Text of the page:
Timeshare donation scheme is a scam, feds charge

Appraisals are inflated and tax savings are questionable, lawsuit alleges

There is no shortage of consumers looking for a way -- any way --  to get rid of their timeshares, but the Justice Department says in a lawsuit that a timeshare donation scheme, Donate for a Cause, is a scam.

Consumers who donate their timeshares to the supposed charity are promised "generous" tax savings, which are based on allegedly inflated appraisals and are then charged inflated closing costs by a firm controlled by James Tarpey, the Montana lawyer who's behind the scheme.   

The federal lawsuit alleges that Donate for a Cause is simply used as a conduit to briefly hold title to timeshares before they are sold for a fraction of the appraised amount. 

Sold for $81

For example, the complaint alleges that one customer transferred a timeshare to Donate for a Cause that had originally been purchased for $10,597.50.  Donate for a Cause used eBay’s charity platform to sell that timeshare to a third party for only $81, yet Tarpey appraised that timeshare for $8,740, the complaint states.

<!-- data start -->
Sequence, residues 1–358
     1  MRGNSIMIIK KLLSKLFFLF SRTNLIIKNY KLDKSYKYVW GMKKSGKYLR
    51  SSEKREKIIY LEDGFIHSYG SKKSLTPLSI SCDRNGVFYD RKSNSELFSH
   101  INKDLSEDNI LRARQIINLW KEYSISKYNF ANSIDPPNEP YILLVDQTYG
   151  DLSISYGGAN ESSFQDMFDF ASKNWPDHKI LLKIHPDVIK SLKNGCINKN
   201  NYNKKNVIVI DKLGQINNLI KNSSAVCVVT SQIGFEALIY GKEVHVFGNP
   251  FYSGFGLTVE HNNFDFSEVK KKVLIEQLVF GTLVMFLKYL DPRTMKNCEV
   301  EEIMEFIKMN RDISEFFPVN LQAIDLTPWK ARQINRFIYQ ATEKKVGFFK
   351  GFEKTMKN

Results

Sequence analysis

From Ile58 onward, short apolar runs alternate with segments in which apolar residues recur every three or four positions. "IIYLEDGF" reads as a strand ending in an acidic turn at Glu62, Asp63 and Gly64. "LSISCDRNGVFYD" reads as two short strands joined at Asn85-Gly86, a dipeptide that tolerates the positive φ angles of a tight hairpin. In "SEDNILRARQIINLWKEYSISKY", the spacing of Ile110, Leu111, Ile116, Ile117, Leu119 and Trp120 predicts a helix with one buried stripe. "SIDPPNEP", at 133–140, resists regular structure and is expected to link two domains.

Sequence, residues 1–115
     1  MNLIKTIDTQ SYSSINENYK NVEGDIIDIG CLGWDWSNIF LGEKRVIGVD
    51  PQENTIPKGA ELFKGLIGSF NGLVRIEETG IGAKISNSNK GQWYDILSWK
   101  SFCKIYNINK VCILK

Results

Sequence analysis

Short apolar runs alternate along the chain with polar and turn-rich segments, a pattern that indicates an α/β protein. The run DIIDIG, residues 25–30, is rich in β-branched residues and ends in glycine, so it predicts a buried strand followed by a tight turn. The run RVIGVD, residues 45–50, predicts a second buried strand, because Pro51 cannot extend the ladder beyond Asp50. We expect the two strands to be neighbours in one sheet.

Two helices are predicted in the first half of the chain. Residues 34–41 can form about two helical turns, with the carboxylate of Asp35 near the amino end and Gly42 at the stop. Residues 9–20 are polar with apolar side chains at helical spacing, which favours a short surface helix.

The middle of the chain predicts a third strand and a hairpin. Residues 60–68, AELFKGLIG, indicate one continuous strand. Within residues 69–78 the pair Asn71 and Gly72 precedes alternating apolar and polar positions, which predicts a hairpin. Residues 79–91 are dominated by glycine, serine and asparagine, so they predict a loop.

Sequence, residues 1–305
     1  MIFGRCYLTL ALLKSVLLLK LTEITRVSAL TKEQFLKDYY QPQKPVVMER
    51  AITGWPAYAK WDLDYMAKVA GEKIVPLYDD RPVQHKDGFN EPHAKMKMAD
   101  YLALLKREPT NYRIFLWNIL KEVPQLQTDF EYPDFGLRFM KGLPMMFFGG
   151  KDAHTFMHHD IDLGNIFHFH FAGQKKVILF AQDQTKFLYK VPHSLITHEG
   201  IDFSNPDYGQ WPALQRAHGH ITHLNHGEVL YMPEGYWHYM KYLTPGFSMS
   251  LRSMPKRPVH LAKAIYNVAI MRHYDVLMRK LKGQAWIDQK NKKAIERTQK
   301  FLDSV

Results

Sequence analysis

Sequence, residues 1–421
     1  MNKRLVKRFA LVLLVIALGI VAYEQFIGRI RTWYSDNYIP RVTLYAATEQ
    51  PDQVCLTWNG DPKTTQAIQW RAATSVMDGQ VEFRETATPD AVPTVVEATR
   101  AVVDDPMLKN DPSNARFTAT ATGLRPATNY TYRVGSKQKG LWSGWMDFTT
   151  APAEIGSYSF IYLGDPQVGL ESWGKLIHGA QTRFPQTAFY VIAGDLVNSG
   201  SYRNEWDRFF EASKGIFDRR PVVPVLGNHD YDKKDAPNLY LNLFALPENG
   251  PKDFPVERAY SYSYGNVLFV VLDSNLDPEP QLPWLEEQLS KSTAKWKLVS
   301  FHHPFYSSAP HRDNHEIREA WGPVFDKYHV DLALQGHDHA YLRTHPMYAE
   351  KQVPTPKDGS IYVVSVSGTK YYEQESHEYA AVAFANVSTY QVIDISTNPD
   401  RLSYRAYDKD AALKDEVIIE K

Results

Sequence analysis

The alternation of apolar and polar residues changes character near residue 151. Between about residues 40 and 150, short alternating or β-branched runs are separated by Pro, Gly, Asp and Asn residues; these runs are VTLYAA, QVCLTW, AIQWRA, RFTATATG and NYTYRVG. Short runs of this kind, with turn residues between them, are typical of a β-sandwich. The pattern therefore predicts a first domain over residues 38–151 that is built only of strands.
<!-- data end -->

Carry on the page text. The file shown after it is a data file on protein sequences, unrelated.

According to the complaint, the timeshare donation scheme was aggressively marketed via the Internet and through national and local media outlets, including ABC 7 News in Los Angeles; Fox 10 News in Phoenix; the TODAY Show, and Fox 4 News in Kansas City, Missouri. Clips of these news-based promotions are posted on the front page of the Donate for a Cause website.

Besides Tarpey, the lawsuit names three associates, Ron Broyles of California, Curt Thor of Washington, and Suzanne Crowson of Montana – all of whom, according to the complaint, assisted Tarpey in running the timeshare donation scheme.

Take a Home Warranty Quiz. Get matched with an Authorized Partner.